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About The Siuslaw news. (Florence, Lane County, Or.) 1960-current | View Entire Issue (June 27, 2015)
SIUSLAW NEWS ❚ SATURDAY, JUNE 27, 2015
J OEL F UHRMAN , MD
Animal protein, IGF-1 and cancer
Most people are aware of the
connections between red and
processed meats and cancer-
that there is convincing evi-
dence that these dangerous
foods are a cause of colon can-
In addition, cooking any
meat at high temperatures (for
example, grilled or fried chick-
en) forms carcinogenic com-
pounds such as heterocyclic
amines, which contribute to
However, animal foods such
as non-fat dairy products, egg
whites, and fish are considered
healthful by most people. It not
yet widely recognized that
foods such as these, since they
are so high in animal protein,
may also contribute to
increased cancer risk.
When we consume too much
animal protein, the body
increases its production of a
(insulin-like growth factor 1).
IGF-1 is one of the body’s
important growth promoters
during fetal and childhood
growth, but later in life IGF-1
promotes the aging process.
Reduced IGF-1 signaling in
adulthood is associated with
reduced oxidative stress,
enhanced insulin sensitivity
and longer lifespan.
In contrast, IGF-1 has been
shown to promote the growth,
proliferation and spread of can-
cer cells, and elevated IGF-1
levels are linked to increased
risk of several cancers. Several
observational studies have sug-
gested that high circulating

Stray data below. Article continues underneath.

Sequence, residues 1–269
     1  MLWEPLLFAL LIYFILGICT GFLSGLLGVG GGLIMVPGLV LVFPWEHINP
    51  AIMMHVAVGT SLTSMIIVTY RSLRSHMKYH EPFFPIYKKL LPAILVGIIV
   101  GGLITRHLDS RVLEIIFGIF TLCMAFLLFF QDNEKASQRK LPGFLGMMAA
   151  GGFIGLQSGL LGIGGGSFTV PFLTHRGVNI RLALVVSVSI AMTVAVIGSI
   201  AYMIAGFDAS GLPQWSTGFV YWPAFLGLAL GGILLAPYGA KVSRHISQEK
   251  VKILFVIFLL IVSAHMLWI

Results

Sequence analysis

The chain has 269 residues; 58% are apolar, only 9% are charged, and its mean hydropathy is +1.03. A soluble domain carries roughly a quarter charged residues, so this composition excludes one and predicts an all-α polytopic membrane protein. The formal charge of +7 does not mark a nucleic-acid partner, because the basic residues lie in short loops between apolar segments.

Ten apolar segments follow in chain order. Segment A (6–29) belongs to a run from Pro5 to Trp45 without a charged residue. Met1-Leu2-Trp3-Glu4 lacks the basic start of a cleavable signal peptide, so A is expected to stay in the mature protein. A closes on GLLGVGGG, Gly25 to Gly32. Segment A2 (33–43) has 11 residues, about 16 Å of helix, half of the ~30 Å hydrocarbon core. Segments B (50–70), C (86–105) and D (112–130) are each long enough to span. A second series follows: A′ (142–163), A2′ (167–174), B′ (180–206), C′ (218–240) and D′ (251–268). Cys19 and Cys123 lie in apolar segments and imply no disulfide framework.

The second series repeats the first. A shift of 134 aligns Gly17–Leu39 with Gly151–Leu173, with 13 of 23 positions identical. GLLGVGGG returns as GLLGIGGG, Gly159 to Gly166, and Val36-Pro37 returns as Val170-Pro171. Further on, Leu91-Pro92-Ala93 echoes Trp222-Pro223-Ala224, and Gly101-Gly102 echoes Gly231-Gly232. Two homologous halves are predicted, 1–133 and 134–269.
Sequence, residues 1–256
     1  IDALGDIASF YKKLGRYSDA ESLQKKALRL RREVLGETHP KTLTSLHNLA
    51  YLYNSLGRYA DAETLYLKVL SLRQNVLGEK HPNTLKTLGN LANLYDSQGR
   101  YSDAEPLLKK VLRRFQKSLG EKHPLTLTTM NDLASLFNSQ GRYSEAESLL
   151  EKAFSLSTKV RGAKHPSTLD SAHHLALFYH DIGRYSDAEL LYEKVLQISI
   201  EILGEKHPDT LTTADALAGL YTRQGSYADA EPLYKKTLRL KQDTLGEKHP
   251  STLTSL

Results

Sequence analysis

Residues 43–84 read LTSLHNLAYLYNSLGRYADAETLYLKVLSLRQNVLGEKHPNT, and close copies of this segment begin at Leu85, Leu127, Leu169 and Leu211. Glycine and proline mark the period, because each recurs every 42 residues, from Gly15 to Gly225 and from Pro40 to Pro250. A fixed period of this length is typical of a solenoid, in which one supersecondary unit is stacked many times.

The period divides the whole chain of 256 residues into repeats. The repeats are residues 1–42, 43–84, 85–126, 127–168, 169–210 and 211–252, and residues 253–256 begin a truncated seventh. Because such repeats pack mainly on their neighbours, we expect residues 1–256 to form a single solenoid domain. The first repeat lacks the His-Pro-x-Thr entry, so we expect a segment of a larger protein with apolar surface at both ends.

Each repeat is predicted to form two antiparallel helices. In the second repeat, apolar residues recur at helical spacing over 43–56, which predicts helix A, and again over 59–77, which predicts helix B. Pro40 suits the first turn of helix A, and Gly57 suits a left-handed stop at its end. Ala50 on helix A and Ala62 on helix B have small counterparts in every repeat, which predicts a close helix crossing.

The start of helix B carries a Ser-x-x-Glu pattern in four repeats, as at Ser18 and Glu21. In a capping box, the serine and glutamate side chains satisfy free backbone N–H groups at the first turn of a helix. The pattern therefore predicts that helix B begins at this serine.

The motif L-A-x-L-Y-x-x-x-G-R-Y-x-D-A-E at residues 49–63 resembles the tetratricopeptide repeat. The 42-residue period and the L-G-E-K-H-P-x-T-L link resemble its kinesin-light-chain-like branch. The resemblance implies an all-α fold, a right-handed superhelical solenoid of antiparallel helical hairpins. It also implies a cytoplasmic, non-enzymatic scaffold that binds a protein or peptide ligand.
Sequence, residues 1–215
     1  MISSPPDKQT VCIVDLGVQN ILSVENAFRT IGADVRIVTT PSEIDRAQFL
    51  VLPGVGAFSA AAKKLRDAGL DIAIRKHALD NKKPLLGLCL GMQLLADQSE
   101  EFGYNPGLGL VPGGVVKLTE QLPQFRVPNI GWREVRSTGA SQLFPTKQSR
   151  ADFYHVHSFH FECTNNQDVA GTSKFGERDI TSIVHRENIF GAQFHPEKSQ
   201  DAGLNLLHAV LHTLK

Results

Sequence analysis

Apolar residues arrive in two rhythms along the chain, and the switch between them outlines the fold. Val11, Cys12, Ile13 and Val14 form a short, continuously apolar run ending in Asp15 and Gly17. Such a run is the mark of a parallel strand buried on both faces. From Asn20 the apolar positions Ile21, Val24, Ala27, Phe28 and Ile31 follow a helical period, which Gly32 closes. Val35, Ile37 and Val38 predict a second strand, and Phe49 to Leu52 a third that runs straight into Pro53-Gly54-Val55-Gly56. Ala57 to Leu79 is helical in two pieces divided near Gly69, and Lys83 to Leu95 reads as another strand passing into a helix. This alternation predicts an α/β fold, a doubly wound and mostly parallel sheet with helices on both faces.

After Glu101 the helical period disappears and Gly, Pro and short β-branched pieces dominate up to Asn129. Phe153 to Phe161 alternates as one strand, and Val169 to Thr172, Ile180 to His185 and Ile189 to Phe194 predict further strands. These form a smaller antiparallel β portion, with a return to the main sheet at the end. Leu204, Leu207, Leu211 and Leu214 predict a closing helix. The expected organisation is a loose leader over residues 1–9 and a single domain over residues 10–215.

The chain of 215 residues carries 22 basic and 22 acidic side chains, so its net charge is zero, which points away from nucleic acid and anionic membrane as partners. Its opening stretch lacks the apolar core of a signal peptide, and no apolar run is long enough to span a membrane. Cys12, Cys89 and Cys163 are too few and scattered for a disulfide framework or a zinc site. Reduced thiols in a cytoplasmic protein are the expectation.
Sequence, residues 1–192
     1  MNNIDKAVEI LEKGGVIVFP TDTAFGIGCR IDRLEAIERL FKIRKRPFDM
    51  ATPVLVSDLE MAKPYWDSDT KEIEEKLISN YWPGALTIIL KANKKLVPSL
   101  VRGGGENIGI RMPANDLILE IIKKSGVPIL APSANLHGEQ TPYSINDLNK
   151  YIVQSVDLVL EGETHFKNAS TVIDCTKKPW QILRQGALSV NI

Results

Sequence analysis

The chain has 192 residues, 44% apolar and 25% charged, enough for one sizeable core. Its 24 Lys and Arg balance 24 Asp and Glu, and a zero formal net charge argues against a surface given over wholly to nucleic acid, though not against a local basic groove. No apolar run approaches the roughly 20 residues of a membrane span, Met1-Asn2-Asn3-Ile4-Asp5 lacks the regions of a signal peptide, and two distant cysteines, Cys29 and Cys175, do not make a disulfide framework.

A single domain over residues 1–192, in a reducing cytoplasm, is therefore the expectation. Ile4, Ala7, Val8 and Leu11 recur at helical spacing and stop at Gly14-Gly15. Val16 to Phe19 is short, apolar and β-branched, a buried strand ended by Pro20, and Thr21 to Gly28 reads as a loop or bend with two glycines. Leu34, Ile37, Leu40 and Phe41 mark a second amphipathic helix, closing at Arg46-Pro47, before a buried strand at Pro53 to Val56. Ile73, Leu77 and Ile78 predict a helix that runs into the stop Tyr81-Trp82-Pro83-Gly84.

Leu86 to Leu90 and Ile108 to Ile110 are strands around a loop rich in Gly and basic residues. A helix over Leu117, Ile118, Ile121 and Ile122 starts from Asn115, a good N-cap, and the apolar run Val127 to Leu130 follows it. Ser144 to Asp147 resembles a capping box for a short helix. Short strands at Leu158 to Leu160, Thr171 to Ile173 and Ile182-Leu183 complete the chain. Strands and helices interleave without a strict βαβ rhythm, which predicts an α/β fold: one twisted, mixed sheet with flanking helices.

IGF-1 may translate into pro-
motion of tumor growth in
colon, prostate and breast tis-
Which foods raise IGF-1?
Since the primary dietary
factor that determines IGF-1
levels is animal protein, the
excessive meat, fowl, seafood,
and dairy intake common in
our society elevates circulating
Refined carbohydrates, like
white flour, white rice, and sug-
ars can also raise IGF-1 levels,
because they cause rapid
increases in insulin levels, lead-
ing to increases in IGF-1 sig-
naling. In fact, IGF-1 signaling
is thought to be a major factor
in the connection between dia-
betes and cancer.
It is the amino acid distribu-
tion of animal protein that
sparks IGF-1 production.
For this reason, isolated soy
protein, found in protein pow-
ders and meat substitutes, may
also be problematic because the
protein is unnaturally concen-
trated and its amino acid profile
is very similar to that of animal
How can we keep IGF-1 in a
Reducing IGF-1 levels by
dietary methods is now consid-
ered by many scientists to be an
effective cancer prevention
measure. Minimizing or avoid-
ing animal protein, isolated soy
protein and refined carbohy-
drates can help to keep our
IGF-1 levels in a safe range.
Green vegetables, beans and
other legumes, and seeds are
rich in plant protein and they
have cancer-preventive, not
For optimal cancer protec-
tion, vegetables, beans, fruits,
nuts and seeds should comprise
the vast majority of our calo-
Dr. Fuhrman is a New York
Times best-selling author and
board certified family physician
specializing in lifestyle and nutri-
Visit his website at Dr
Fuhrman.com, or submit questions
and comments to news ques-
Welcome to 80 Years of Excellence!
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Art, music to benefit Real Food today
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